Checks Written Before But Cashed After Death Includible in Gross Estate

In a recent Tax Court case[1], the Court held that the combined value of ten checks written prior to the decedent’s death, but cashed after his death, was included in the gross estate of the decedent. However, as discussed below, the IRS had conceded that three of the ten checks were not included in the…
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IRS Eases Portability Late Relief with Rev. Proc. 2022-32

“Portability” is the ability of a surviving spouse to elect to add his or her predeceased spouse’s unused estate tax exemption to their own estate tax exemption. For many clients, adoption of portability in 2010 (and making portability permanent in 2012) meant that complicated estate plans could be greatly simplified. Prior to portability, any unused…
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New Estate and Gift Tax Clawback Proposed Regulations

On November 26, 2019, the Treasury Department and the IRS issued final regulations under Section 2010 which provided taxpayers with some much needed assurance that they would not be punished for utilizing their gift and estate tax exclusion (“Exclusion”) during their lifetime if Exclusion amounts were lower when they died (“Anti-Clawback Regulations”).[1] See Josh Sage’s…
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Advanced SLAT Issues

In a previous article, we discussed the basics of Spousal Lifetime Access Trusts (“SLATs”).[1] Generally, SLATs are irrevocable trusts established by one spouse during such spouse’s lifetime with the other spouse being a beneficiary of the trust. Often both spouses will establish a SLAT, but they must be carefully structured and administered to prevent application…
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Back to the Basics with Life Insurance and Estate Tax

***This article is a follow-up to a prior article from 2019 which can be found here. Life insurance is a great tool that can serve a variety of purposes. Most often, it is thought of as an income replacement/hedge against premature death to provide for one’s family, and it is certainly a great tool to…
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Spousal Lifetime Access Trusts Basics

Spousal Lifetime Access Trusts (“SLATs”) are one of the many estate planning tools available to taxpayers, and have seen a surge in popularity recently, such that they are one of the most used options for utilizing taxpayers’ federal lifetime gift and estate tax exclusion (“Exclusion”) during life. Each taxpayer’s Exclusion amount, or the amount which…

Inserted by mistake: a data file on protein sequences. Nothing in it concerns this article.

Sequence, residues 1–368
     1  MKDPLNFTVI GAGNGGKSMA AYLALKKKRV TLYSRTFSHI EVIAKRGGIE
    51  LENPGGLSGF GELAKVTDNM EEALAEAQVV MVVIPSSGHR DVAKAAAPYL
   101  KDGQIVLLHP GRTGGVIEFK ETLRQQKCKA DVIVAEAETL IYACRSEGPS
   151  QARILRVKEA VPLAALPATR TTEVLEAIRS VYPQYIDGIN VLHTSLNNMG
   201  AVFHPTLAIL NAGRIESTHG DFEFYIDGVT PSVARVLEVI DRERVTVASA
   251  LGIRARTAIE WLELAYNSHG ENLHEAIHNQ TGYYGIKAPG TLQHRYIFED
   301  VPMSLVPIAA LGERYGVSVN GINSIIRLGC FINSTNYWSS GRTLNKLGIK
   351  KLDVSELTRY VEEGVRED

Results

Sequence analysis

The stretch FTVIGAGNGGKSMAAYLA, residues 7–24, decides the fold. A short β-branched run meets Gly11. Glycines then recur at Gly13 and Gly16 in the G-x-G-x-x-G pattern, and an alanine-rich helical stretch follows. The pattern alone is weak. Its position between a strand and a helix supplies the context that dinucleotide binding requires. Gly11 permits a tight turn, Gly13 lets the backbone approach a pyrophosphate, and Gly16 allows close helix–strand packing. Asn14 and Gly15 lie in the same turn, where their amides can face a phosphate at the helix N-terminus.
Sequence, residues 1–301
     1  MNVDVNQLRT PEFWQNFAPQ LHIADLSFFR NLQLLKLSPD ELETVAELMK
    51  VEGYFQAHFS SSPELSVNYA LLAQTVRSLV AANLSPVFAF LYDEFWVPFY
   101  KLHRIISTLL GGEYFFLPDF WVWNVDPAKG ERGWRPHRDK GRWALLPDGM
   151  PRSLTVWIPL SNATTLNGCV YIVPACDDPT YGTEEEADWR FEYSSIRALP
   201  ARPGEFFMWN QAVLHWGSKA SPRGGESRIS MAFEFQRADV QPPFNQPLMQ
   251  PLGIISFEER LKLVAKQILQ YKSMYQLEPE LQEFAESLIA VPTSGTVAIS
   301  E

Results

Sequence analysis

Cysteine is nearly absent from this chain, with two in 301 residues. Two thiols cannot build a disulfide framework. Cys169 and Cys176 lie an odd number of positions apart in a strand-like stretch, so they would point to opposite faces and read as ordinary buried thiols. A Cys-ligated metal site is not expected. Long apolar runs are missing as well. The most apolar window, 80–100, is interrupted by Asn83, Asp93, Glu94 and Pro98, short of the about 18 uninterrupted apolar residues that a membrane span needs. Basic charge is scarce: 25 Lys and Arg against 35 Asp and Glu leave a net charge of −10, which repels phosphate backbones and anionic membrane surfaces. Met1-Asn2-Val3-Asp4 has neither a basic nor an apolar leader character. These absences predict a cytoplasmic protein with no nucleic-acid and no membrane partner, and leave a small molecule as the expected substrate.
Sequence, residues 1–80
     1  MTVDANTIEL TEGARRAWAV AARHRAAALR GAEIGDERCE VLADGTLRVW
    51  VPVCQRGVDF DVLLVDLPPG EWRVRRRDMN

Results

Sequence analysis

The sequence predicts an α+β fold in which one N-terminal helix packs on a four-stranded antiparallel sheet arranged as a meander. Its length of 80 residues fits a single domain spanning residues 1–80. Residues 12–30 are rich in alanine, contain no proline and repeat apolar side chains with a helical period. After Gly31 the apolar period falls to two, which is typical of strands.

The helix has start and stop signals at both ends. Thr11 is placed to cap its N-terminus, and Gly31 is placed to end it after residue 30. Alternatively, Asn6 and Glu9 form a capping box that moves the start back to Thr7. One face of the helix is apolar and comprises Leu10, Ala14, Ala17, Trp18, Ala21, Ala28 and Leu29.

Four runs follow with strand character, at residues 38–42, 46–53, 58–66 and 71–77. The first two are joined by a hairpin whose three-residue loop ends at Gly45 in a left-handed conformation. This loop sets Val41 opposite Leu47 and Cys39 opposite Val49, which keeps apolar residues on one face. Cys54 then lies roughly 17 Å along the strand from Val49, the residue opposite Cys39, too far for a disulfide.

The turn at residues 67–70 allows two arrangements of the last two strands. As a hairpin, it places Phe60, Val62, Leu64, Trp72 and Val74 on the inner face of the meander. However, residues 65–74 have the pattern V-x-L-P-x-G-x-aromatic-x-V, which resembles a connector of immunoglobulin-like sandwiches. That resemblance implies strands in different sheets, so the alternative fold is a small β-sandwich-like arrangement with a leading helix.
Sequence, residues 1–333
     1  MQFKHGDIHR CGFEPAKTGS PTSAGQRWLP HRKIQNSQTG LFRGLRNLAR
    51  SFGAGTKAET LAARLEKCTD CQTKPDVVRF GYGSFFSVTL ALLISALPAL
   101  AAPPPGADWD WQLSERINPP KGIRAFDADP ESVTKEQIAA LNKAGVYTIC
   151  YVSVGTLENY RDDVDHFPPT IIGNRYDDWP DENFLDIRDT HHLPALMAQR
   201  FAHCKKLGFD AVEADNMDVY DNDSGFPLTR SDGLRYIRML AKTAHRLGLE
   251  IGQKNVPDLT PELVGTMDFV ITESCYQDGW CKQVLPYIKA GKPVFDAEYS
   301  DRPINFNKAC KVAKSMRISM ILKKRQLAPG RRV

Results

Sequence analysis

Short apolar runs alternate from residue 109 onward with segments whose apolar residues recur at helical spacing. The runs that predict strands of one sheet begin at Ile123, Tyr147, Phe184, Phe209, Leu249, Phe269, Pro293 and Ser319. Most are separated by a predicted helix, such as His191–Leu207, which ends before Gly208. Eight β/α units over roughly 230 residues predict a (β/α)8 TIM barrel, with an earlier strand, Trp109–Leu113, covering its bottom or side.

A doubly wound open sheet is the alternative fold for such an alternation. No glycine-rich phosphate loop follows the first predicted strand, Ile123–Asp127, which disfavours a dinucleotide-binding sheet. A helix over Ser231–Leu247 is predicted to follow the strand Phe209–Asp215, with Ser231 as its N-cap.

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Recent CCA Addresses Valuations

The IRS Office of Chief Counsel recently issued CCA 202152018 (“CCA”), in which the IRS is attacking yet another business valuation.[1] The IRS takes the  position in the CCA that because the valuation used failed to account for a potential acquisition, the grantor retained annuity trust (“GRAT”) failed to properly qualify as a GRAT even…
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Crypto at ESA

Since we’re the cool, diamond-handed, trendy-loving, FUD(fear, uncertainty, and doubt)-crushing, FOMO(fear of missing out)-haters and at the same time professionals, now seems just as good of time as ever to discuss what we are doing at our firm to familiarize ourselves and become more competent in the ever-growing and evolving world of magic internet money,…
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The Pros and Cons of Lifetime Gifting

Under current law, the unified credit against estate and gift tax sits at $10,000,000, subject to indexing for inflation (the “Exemption”).[1] As a result of the Tax Cut and Jobs Act, this number increased from $5,000,000 effective January 1, 2018 and through December 31, 2025, with the number set to drop back down to $5,000,000on…
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Proposed Tax Changes in the Updated Build Back Better Act

Earlier this year I discussed President Joe Biden’s proposed tax policies, which was prepared in anticipation of President Biden’s impending announcement regarding the Build Back Better Act.[1] As we approach the end of the Biden administration’s first year, tax professionals are on the edge of their seat. A plethora of different legislative changes directed at…
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